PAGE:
Facebook Indonesia come under fire for allegedly blocking pages run by hardline groups for reportedly spreading hate on the platform. This resulted in protests involving hundreds held outside of Facebook’s Jakarta headquarters, according to Reuters.
Some of the protestors claimed that Facebook was being discriminatory as it allowed accounts spread hate about Islam to operate, while closing accounts which talk about Islamic humanitarian aid. The social media giant was reportedly asked to be “neutral and balanced”.
In a statement to Marketing, a Facebook spokesperson explained that its community standards prohibit organisations and people to promote hatred and violence against people based on their protected characteristics.
“We want people to feel safe when they come to Facebook to connect and share. We allow people to use Facebook to challenge ideas and raise awareness about important issues, but we will remove content that violates our community standards,” the spokesperson added.
Globally, Facebook recently increased its team of content reviewers by 3,000 to speed up the process of reviewing content which incites violence or terrorism.In July last year, Facebook was given the approval to set up a domestic unit in Indonesia. Prior to the green light, the social media giant was only able to operate in the country through an office in Jakarta. In March 2016, Facebook appointed Sri (Wido) Widowati as head of Indonesia. She replaces Anand Tilak, who moved into the role of global brand partner for Facebook, based in Singapore.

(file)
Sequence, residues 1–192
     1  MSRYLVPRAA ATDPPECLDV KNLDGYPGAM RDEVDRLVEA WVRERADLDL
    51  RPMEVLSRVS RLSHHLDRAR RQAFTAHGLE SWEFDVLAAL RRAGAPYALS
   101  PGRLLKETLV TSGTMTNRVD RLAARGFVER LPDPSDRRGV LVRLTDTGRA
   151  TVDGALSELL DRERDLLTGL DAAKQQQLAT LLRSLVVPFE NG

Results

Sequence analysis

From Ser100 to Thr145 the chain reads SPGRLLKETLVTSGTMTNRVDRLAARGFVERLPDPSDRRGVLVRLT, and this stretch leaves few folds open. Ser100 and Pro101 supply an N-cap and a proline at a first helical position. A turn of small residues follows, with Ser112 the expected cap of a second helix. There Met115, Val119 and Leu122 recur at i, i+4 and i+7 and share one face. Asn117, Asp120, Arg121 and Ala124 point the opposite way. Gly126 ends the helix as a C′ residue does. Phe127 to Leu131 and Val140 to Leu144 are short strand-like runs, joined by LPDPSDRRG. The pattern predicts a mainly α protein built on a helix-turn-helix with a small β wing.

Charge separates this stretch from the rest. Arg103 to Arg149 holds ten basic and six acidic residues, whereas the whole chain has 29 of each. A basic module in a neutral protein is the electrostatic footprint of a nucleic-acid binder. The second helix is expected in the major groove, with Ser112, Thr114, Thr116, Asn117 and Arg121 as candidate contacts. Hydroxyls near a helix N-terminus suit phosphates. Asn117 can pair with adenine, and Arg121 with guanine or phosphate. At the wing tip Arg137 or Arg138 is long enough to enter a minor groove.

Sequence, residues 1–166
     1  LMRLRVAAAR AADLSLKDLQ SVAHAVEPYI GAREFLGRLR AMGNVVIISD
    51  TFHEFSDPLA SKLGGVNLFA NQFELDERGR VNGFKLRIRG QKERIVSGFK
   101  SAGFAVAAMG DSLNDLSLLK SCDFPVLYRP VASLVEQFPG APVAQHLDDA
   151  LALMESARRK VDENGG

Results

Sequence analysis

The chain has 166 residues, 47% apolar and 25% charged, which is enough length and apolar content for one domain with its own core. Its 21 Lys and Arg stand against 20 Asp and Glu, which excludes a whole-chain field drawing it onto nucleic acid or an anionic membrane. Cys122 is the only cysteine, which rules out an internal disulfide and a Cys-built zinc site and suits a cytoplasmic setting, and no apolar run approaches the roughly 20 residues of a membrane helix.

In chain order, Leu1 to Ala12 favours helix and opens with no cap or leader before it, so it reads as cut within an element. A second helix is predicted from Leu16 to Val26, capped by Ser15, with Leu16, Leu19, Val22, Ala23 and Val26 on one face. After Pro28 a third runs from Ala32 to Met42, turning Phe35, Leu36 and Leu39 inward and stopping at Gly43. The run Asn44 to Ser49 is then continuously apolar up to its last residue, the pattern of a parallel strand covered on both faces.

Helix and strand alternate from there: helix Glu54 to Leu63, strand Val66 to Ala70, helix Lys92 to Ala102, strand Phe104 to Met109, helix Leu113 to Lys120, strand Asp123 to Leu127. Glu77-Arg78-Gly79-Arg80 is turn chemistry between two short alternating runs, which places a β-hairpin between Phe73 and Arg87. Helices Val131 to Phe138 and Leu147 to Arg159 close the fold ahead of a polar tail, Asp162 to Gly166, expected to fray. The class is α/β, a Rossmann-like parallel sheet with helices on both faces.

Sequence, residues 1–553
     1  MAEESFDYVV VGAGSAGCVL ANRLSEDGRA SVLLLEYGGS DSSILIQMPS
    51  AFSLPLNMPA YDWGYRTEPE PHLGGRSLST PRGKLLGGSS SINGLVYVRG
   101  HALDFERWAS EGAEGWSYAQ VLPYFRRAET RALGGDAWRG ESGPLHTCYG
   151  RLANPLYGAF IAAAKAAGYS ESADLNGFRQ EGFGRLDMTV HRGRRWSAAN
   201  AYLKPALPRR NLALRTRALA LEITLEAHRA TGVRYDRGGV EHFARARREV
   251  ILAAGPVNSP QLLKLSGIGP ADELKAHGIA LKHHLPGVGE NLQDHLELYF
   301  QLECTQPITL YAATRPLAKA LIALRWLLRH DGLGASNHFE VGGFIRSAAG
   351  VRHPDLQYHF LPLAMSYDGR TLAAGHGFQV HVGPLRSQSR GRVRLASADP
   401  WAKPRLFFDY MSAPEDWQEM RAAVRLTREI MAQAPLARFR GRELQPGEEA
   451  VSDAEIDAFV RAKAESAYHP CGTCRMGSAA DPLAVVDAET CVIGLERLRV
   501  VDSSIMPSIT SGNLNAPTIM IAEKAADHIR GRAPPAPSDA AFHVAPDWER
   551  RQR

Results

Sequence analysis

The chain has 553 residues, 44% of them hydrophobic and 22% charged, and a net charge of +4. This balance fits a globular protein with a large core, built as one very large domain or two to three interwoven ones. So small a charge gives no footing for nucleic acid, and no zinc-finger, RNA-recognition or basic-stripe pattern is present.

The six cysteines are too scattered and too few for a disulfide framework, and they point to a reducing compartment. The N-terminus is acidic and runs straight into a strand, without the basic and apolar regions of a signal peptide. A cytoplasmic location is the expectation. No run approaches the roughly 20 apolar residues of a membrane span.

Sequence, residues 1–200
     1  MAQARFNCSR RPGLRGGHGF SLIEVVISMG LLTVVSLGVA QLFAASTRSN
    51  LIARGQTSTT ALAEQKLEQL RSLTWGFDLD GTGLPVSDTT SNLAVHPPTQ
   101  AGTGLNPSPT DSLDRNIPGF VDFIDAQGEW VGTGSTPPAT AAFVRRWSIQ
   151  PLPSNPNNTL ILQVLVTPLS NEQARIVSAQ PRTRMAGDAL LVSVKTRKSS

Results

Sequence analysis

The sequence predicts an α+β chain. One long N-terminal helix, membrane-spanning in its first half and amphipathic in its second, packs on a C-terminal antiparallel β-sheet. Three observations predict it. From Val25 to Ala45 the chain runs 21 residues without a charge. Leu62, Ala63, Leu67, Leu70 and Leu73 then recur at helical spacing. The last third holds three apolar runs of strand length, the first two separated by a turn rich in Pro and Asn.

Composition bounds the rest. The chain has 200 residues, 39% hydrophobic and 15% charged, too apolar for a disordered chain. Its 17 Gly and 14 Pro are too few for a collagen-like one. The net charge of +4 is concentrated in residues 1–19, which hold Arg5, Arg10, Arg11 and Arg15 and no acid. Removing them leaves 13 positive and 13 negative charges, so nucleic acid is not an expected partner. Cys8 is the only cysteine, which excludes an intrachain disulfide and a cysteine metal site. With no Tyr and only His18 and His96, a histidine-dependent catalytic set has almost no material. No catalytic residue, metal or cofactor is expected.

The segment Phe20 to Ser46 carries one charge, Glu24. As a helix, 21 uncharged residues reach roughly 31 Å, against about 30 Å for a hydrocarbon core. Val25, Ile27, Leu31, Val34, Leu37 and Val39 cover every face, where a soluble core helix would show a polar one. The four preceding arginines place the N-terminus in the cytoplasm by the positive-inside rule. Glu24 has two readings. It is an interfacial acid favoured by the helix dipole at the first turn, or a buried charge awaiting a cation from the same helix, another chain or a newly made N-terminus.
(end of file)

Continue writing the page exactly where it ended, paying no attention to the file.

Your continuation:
Last year, Instagram, which is owned by Facebook, revealed Indonesia to be its largest community in Asia Pacific, with more than 45 million monthly active users. This was up from 22 million in early 2016 and makes Indonesia one of the top markets for Instagram, which currently has 700 million monthly active global users.
The study also found 80% of Indonesian Instagram users following businesses, and that one third of its most viewed Instagram Stories to come from businesses in Indonesia. This indicates the country being considered to be a destination which enables Indonesian brands to grow.